Tenants, Minority Working Class Community Fight for Housing as a Right in the Shadow of Amazon

Emile Schepers

Barcroft Apartments is a multi-unit apartment complex in Arlington Virginia, a Washington DC suburb which Amazon has chosen to be the site of its huge new HQ2 complex.  Since the initial announcement by Amazon of the choice of this community for its headquarters, local residents have been worried that the move will bring accelerated inflation of housing costs in the area whose cost of living is already high.  These worries are based on analyses by Tenants and Workers Unitedthe Urban Institute, and paint a bleak future for the possibilities that low and middle income workers, minorities and retired people on fixed incomes will be able to live in the Washington DC metro area at all. 

But Amazon and  local politicians have claimed that in fact Amazon’s operations will bring new jobs to the community and help with housing affordability by means of loans to landlordsfrom the Amazon Housing Equity Fund.  On this basis, Amazon, one of the richest corporations on planet earth, was able to negotiate a taxpayer funded subsidy for their move, to the tune of $750 million from the Virginia state government as well  assome money from Arlington County.

Now the truth of the rosy claims used by Amazon and its political enablers is being put to the test.  In April,  Amazonsubmitted to the Virginia state government a request for the first tranch of nearly $150 million to begin construction, work to be completed by 2026.  Amazon has promised to create 25,000 new jobs  in the area  by 2030.   But those jobs are projected to have average salaries of around $150,000, presumably in today’s money.   Current residents of Arlington include some well off and highly skilled people, but also many people who get by byworking in restaurant kitchens, in taking care of other families’ children, by driving for taxi companies or Uber or Lyft, or by taking care of elderly and infirm people.  There are also elderly retired people living on fixed incomes.  There are  quite a few undocumented immigrants, mostly from Central America. It does not seem probable that Amazon will be hiring such people at $150,000 per year—or at all.  Rather, the new hires will come in from elsewhere.  

Several different tenants’ rights and grassroots organizations have stepped forward to combat the negative processes that the arrival of the arrival of the Amazon HQ2 complex are already setting off.  There is a coalition, For us not Amazon, an older mostly minority organization called Tenants and Workers United(in Spanish, Inquilinos y Trabajadores Unidos)and others.  African Communities Together is organizing tenants in the mostly African American and immigrant Southern Towers complex in Alexandria, next to Arlington.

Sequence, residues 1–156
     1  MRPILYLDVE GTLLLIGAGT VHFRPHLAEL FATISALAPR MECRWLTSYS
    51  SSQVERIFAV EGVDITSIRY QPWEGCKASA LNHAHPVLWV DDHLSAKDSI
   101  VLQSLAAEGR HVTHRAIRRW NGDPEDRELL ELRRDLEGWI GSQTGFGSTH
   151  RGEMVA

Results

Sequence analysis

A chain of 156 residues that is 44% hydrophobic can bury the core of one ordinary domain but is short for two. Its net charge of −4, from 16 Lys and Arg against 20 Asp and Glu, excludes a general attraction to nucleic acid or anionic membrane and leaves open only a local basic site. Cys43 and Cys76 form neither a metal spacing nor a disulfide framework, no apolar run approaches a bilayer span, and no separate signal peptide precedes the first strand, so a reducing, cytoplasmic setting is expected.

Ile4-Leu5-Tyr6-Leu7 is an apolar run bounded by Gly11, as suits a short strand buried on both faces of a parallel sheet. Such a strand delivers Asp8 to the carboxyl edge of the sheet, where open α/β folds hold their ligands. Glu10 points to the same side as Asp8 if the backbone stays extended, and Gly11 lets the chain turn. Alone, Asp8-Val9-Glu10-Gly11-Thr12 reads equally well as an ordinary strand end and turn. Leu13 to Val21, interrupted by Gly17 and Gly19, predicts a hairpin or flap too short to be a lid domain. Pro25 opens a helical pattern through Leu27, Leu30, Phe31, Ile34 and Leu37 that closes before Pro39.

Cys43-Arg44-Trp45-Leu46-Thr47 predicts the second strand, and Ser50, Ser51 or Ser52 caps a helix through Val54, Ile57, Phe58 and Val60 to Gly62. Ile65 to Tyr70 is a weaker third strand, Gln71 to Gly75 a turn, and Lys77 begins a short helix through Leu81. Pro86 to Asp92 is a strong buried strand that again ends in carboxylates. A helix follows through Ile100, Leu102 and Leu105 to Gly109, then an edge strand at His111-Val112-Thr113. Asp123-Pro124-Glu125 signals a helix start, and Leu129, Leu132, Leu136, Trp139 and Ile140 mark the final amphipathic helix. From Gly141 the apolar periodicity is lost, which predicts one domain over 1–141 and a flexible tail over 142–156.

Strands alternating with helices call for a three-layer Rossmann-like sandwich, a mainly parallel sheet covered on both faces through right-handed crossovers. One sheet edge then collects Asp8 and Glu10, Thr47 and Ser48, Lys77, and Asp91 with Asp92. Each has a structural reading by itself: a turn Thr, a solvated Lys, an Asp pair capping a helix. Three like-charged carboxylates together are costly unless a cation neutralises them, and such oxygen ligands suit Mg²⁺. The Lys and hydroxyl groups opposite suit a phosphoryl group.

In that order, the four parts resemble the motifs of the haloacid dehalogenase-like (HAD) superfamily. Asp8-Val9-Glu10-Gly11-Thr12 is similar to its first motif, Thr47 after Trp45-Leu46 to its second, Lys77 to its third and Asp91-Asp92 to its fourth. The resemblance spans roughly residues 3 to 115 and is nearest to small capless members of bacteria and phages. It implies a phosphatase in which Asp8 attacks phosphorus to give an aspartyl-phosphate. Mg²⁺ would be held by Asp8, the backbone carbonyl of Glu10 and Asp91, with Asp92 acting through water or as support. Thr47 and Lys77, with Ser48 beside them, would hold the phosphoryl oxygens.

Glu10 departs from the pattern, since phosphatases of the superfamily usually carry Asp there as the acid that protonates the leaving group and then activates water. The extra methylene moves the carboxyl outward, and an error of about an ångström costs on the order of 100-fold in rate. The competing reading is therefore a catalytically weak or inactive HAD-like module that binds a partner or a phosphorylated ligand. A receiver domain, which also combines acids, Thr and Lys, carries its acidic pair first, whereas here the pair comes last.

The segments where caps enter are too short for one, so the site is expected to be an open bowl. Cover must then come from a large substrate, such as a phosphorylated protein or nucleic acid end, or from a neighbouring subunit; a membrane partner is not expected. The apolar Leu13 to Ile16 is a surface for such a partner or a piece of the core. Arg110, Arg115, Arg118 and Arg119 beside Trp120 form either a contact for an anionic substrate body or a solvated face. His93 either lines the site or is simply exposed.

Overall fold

On April 13, there was a tenants’ rights event organized by a mostly Latin American group, la Colectiva at the Barcroftapartment complex in Arlington.  Tenants gave voice to their worries about the conditions at Barcroft, including rent rises and the deterioration of tenant services.  The owners of the property, Jair Lynch Real Estate, purchased Barcroft in 2021, with funds partly coming from loans from the Amazon Housing Equity Fund and Arlington County.   The conditions of this funding would be that “affordable” rents could be calculated on the basis of 60 percent of the Area Median Income, which in Arlington is $128,145.  Annualized, this would mean that rents could go up to far more money a month than many actual residents could pay, and still be considered  “affordable” by landlords and local governments.  

La Colectiva, the ACE Collaborative (a mostly Asian-American organization) tenants and allies have formulated a set of demands that could serve as a model for housing rights groups around the country.  These demands are aimed at the Jair Lynch management and the county government.  The demands include, among others:

*Recognition of the Barcroft Tenant Group as stakeholders in  all decision making for the development of BarcroftApartments.

*A rent freeze until at least 2024 or until “legacy” tenants havethoroughly reviewed lease documents. The 3% rent increase should not be imposed on tenants making 50% or less of the Area Median Income.

*That lease documents, and other materials and information be printed or accessible electronically in other languages besides English and Spanish.

*That parking spaces for tenants be based on how many cars are owned by a household, and that parking permits be available for cars with out of state registration (parking is a big problem in Arlington)

*That tenants be allowed to pay their rent  via a variety of mechanisms other than certified checks. 

*That passports and ID from countries other than the United States and also letters from tenants’ employers be accepted for verification of identity.

*That any building in Arlington County which receives public funds should have 100% rent control, because “no one should make a profit from affordable housing funds”.

*Improvements in maintenance be greatly improved and that tenant maintenance requests be attended to more quickly.  This is a sore point with tenants, who cite problems in getting management to deal with things like rodent infestations, mold, inadequate air conditioning among other things.

These demands echo those being advanced by housing rights groups in the whole Washington DC Metro area and beyond, and even though they are up against the entrenched power of major corporations such as Amazon and private equity funds, they are becoming part of a massive grassroots campaign for the right to  truly affordable, safe and dignified housing for all.  

See more on the issue of housing as a human right here.

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